There is not much known about the volatiles that comprise the odor of blood in mammals or about the components of blood odor that elicit behavioral responses in predators and/or prey species. Recent studies identified the odorant trans-4,5-epoxy-(E)-2-decenal as a volatile component in mammalian blood and in meat. Interestingly, humans have a low detection threshold of 0.078 ppt – 0.33 ppt (parts per trillion) for this particular odorant and it has been described to evoke a typical “metallic, blood-like” odor quality in humans.
It is known that the sense of smell is well developed in the Canidae family and that they rely on their sense of smell for intra- and interspecific communication as well as for detecting and locating prey. Trained domestic dogs (Canis familiaris) are able to discriminate between the odor of blood from healthy humans and the odor of blood from patients with ovarian carcinoma. This indicates that dogs can respond to the odor of certain components in blood and not only to the odor of whole blood.
The two canine species Dholes (Cuon alpinus) and African wild dogs (Lycaon pictus) strongly rely on their sense of smell in a variety of contexts. Therefore it seems reasonable to assume that olfactory stimuli can be an efficient way of enriching the captive environment of the two canine species. The use of odors as enrichment for captive carnivores has shown to be successful in increasing the level of activity in captive felids. The use of odors as enrichment for captive canids has been studied to a lesser extent, with the exception of laboratory and kennel-housed domestic dogs.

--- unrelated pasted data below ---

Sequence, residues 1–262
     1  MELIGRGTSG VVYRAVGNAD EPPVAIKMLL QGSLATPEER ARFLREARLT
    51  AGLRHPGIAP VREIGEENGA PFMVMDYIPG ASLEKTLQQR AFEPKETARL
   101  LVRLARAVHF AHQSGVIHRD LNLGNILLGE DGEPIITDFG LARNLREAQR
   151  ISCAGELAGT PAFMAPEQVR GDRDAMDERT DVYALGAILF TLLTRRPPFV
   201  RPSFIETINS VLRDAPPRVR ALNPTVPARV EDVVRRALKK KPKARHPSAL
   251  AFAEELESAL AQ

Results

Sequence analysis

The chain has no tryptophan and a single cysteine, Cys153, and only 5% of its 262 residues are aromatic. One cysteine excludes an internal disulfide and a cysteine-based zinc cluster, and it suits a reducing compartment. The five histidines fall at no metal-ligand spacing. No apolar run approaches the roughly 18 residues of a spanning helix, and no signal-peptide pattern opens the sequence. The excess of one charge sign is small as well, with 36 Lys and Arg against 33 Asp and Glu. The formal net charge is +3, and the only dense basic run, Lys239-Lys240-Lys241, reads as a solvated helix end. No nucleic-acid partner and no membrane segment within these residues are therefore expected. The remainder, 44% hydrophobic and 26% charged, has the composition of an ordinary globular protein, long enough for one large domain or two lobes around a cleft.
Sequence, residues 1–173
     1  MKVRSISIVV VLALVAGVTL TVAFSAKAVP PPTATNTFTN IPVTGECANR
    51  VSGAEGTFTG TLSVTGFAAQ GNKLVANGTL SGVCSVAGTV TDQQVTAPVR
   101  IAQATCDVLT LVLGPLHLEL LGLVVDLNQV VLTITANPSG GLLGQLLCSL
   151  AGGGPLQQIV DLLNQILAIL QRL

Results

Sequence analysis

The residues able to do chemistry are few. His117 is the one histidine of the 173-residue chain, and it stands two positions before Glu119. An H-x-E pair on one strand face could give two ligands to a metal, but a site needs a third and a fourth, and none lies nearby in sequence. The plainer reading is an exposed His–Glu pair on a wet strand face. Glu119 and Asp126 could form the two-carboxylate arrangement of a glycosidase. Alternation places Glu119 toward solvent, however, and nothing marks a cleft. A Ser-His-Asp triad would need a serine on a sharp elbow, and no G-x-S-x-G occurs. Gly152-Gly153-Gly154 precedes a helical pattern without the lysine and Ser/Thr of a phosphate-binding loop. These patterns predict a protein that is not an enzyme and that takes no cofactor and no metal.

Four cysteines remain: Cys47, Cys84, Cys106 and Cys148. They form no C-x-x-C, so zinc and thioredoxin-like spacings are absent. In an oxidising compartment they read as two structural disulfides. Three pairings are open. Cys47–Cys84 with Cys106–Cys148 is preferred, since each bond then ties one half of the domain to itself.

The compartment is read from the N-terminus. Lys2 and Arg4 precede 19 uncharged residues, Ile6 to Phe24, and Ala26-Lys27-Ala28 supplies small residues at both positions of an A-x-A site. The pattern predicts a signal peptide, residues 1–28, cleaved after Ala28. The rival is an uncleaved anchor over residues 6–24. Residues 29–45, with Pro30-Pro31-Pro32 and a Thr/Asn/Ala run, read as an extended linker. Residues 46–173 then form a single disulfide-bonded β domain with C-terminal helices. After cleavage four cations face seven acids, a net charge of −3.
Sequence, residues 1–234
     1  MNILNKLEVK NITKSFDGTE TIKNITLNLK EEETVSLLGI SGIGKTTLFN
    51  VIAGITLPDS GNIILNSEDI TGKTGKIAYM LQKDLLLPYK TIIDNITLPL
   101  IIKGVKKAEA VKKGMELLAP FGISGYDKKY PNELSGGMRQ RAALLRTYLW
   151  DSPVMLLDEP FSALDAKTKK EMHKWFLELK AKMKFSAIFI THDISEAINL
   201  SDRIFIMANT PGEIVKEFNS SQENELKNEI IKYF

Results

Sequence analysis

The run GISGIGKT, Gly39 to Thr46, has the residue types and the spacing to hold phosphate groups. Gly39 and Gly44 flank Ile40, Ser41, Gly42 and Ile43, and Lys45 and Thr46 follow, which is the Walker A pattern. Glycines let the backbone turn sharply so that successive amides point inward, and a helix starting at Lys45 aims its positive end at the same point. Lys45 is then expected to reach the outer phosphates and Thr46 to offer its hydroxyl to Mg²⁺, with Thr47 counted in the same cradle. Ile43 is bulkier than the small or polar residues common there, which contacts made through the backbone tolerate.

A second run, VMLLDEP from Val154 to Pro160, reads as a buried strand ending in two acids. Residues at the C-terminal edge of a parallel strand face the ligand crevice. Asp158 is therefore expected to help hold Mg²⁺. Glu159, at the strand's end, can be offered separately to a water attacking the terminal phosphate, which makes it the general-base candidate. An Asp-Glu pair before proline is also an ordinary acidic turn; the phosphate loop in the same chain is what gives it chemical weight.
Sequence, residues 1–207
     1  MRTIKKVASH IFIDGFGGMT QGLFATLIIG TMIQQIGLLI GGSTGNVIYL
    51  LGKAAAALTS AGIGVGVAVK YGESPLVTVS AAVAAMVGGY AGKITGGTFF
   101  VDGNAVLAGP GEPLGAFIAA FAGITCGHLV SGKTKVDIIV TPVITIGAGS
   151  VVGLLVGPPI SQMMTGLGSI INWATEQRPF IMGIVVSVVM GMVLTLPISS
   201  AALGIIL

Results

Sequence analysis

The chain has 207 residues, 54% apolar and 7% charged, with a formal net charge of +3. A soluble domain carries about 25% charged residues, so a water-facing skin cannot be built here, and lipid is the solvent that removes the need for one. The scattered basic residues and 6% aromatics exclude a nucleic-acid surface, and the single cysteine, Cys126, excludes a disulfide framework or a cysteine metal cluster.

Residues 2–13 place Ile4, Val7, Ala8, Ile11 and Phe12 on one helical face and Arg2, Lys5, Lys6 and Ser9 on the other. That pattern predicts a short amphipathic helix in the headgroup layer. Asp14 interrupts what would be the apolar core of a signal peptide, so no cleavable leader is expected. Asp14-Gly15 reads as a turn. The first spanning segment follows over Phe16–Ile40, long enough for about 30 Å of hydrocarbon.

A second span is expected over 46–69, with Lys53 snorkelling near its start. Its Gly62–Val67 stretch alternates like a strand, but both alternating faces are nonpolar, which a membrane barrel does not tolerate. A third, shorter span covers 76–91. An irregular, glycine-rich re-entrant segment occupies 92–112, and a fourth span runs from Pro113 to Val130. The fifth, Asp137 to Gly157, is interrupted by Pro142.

The aim of the study was:
- to assess behavioral responses of two canine species, African wild dogs (Lycaon pictus) and dholes (Cuon alpinus) kept at Kolmården Wildlife Park, to mammalian blood and the mammalian blood odor component trans-4,5-epoxy-(E)-2-decenal
- to compare their behavioral responses to those towards a fruity control odorant and an odorless control
- to assess the suitability of the odor stimuli as environmental enrichment for captive African wild dogs and dholes.
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Last updated: 06/09/14